One of the keys to eating well is understanding our food, the ingredients and being able to interpret the nutrition information of food products.
Thankfully both in Europe the European Food Safety Authority (EFSA) and in Ireland the Food Safety Authority (FSAI) help to ensure that this information is clear.
Here nutritionist Laurann O’Reilly and owner of Nutrition by Laurann, helps to further explain how to interpret this information and how in understanding food labels, we can make informed choices about the foods that we purchase, allowing us to make healthier food choices
- The Ingredient Listing - The Food Safety Authority of Ireland (FSAI) states that “prepacked foods with two or more ingredients must have a list of all the ingredients used in its production”.
These ingredients are then listed in order of weight, starting with the ingredient of the highest quantity.
Tip: This can be quite helpful in assisting your food choices, for instance if sugar is one of the highest ingredients listed, then the product is mostly sugar and probably not the best option.
- Allergies/Intolerances - As of December 2014 the EU made it mandatory for food companies to list the 14 common foods which individuals within the general population may be intolerant or have an allergy to. As a result, whenever any of these foods are used as an ingredient within a product, they must be clearly listed in bold (or a font which distinguishes it from the other ingredients) within the ingredient listing above. You may also find them listed as ‘contains’ followed by the name of the allergen.
The 14 allergens include: 1) Cereals containing gluten (spelt, wheat, barley, rye and oats, with exceptions), 2) Crustaceans (such as shellfish), 3) Eggs, 4) Fish (with exceptions), 5) Peanuts, 6) Soybeans (with exceptions), 7) Milk, 8) Nuts (including almonds, hazelnuts, walnuts, pecan nuts, brazil nuts, pistachio nuts, macadamia nuts (with exceptions), 9) Celery, 10) Mustard, 11) Sesame seeds, 12) Sulphur dioxide (also known as sulphites) of a certain concentration, 13) Lupin (yellow legume seeds) and 14) Molluscs (such as shellfish and snails)
Tip: This is quite helpful for individuals with known allergies and intolerances to any of the above foods and can help in assisting in safer food choices.
- The Shelf Life - It’s important when buying your food products to understand how long they’ll last from a meal planning perspective, to prevent food waste but also to ensure that your health is protected from spoilt food.
1) Best Before Date – Also known as the ‘date of minimum durability’. The FSAI describes this as “the date until which a foodstuff retains its specific properties when properly stored” and applies to “canned, dried, ambient and frozen foods where quality is an issue rather than safety”. So, whilst the quality of the food may deteriorate after this date it doesn’t pose a health issue if eaten past this date.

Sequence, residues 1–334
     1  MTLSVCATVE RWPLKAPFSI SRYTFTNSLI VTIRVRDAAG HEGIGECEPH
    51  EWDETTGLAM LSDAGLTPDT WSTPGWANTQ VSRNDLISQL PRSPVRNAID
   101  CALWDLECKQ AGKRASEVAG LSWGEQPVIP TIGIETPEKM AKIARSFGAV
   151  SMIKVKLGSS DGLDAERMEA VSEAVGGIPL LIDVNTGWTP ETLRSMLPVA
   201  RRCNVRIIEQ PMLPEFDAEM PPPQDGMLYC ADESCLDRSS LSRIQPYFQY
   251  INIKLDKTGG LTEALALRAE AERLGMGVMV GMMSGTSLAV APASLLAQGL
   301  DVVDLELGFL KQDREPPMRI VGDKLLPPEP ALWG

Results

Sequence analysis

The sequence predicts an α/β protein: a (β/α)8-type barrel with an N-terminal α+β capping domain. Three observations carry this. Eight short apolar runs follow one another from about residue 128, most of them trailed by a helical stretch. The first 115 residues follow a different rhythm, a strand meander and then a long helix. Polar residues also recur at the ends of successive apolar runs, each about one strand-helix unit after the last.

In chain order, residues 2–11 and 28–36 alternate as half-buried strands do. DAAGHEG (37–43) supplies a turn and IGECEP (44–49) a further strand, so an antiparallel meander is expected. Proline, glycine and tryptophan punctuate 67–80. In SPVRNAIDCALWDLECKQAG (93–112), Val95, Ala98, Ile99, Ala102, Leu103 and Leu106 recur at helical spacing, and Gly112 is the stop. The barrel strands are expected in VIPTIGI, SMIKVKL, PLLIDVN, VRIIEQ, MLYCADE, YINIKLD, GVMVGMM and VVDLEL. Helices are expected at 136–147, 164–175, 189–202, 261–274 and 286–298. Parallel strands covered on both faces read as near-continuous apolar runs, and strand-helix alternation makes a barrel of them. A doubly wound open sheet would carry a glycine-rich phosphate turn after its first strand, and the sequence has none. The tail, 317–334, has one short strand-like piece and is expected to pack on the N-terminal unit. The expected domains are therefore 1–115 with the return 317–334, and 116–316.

2) Use By Date – Unlike the best before date, it’s important to consume these food products within this date as they can become a health risk. These foods according to the FSAI are “highly perishable and require refrigeration” and include products such as “milk, minced meat, fish and ready to eat salads”.
- The Nutrition Information - This is also known as the ‘nutrition declaration’. This is often a panel or grid on the side or back of packaging. According to the FSAI, it is mandatory requirement to provide the product’s nutrition information per 100g, which includes:
1) Energy – Measured in KJ (kilojoules) and kcal (kilocalories). This is what is says on the tin (or packaging), the energy content of the food product. This energy value is comprised of what are known as the ‘Macronutrients’, Carbohydrates, Protein and Fat. Tip: This helps us to monitor our energy intake and assess if a product is high or low in energy. Whilst we require a certain amount of energy in our diets, excess energy can result in weight gain. It also allows us to compare the energy values between certain food products.
2) Carbohydrates - Are our energy source, providing us with the fuel that we need to function and are stated in grams (g). Carbohydrates are made up of sugars, fibre, and starch. The label will tell you the total amount of carbohydrate, and then you will notice that it says ‘of which sugars’, which describes the total amount of sugars from all sources (which includes added sugars and natural sugars also known as ‘intrinsic’ sugars). You can identify if a food has added or natural sugars by checking the ingredient listing as mentioned above.